The Eastern Barents, Kara, Laptev, East Siberian seas and the western Chukchi Sea occupy a large part of the Eurasian shelf in the Russian Arctic. This huge region consists over 40 sedimentary basins of variable age and genesis, which are thought to bear significant undiscovered hydrocarbon resources. Apart of the East Barents and South Kara shelves with proven world-class gas and gas condensate resources, the rest of the basins are undrilled and explored with rather sparse grid of regional 2D seismic lines.
The majority of the sedimentary basins were formed and developed in a rift and post-rift setting and later modified through a series of structural inversions. Important tectonic events controlling the structure and petroleum geology of the basins are: the Caledonian collision and orogeny followed by Late Devonian to Early Carboniferous rifting, Late Paleozoic Baltica/Siberia collision and Uralian orogeny, Triassic and Early Jurassic rifting, Late Jurassic to Early Cretaceous Canada Basin opening accompanied by closure of the Anyui Ocean, the Late Mesozoic Verkhoyansk-Brookian orogeny, and Cenozoic opening of the Eurasia Oceanic Basin.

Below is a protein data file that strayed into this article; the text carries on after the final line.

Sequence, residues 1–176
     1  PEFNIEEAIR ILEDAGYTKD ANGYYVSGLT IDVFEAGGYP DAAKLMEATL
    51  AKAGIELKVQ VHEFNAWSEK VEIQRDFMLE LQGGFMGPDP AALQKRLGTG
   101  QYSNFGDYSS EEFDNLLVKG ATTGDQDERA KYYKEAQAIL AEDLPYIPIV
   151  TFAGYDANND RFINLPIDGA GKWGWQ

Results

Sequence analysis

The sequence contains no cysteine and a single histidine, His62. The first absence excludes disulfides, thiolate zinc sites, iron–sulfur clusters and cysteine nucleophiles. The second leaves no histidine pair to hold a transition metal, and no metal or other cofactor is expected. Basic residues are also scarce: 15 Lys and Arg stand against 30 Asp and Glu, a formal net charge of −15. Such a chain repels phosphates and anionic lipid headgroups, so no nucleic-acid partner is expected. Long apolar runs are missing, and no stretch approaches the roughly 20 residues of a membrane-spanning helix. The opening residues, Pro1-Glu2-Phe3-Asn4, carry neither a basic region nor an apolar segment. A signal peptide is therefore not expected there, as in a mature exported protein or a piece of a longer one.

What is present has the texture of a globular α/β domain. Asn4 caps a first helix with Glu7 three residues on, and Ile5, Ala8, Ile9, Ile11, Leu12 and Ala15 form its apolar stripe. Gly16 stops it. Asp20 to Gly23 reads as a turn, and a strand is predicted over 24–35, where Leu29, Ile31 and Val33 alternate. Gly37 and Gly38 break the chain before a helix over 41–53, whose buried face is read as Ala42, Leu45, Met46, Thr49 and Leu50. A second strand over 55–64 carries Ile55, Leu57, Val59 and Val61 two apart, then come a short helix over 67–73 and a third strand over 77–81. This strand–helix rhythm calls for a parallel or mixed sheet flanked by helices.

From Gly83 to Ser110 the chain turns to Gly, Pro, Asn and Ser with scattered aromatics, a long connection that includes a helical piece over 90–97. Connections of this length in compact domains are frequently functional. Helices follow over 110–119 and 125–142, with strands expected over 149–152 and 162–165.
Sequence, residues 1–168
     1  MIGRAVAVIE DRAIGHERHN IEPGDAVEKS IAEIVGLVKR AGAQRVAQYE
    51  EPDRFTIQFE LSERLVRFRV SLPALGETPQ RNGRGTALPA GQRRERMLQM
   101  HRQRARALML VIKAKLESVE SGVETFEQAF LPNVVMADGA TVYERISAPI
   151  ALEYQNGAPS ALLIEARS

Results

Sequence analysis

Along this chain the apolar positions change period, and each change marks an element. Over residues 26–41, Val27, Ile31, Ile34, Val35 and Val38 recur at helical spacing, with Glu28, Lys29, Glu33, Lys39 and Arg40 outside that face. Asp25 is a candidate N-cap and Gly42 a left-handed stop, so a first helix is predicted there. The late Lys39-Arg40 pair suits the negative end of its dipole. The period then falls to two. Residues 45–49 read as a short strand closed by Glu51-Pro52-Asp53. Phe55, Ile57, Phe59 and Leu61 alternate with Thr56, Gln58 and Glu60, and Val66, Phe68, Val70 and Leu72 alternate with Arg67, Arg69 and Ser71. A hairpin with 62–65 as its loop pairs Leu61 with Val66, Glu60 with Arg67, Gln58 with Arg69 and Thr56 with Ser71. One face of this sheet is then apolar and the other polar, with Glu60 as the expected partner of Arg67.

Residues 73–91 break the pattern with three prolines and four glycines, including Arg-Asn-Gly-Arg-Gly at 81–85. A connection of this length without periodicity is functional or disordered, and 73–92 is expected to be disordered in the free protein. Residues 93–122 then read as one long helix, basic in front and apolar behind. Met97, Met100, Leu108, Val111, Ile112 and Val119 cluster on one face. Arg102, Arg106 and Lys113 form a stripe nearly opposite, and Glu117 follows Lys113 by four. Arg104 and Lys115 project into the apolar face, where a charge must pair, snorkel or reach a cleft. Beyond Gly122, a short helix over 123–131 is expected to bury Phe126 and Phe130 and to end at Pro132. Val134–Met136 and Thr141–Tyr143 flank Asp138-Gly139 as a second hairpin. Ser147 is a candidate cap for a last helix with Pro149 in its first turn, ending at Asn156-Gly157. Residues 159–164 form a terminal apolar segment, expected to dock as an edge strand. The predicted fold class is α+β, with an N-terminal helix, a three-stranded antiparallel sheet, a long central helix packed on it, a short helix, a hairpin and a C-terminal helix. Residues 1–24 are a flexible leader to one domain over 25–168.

Using available regional seismic lines correlated with borehole data, onshore geology in areas with no exploration drilling, and the Arctic-wide magnetic, bathymetry and gravity grids, we provide more confident characterization of the regional structural elements of the Russian Arctic shelf, and constrain the timing of basin formation, structural styles, lithostratigraphy and possible petroleum systems and plays in frontier areas.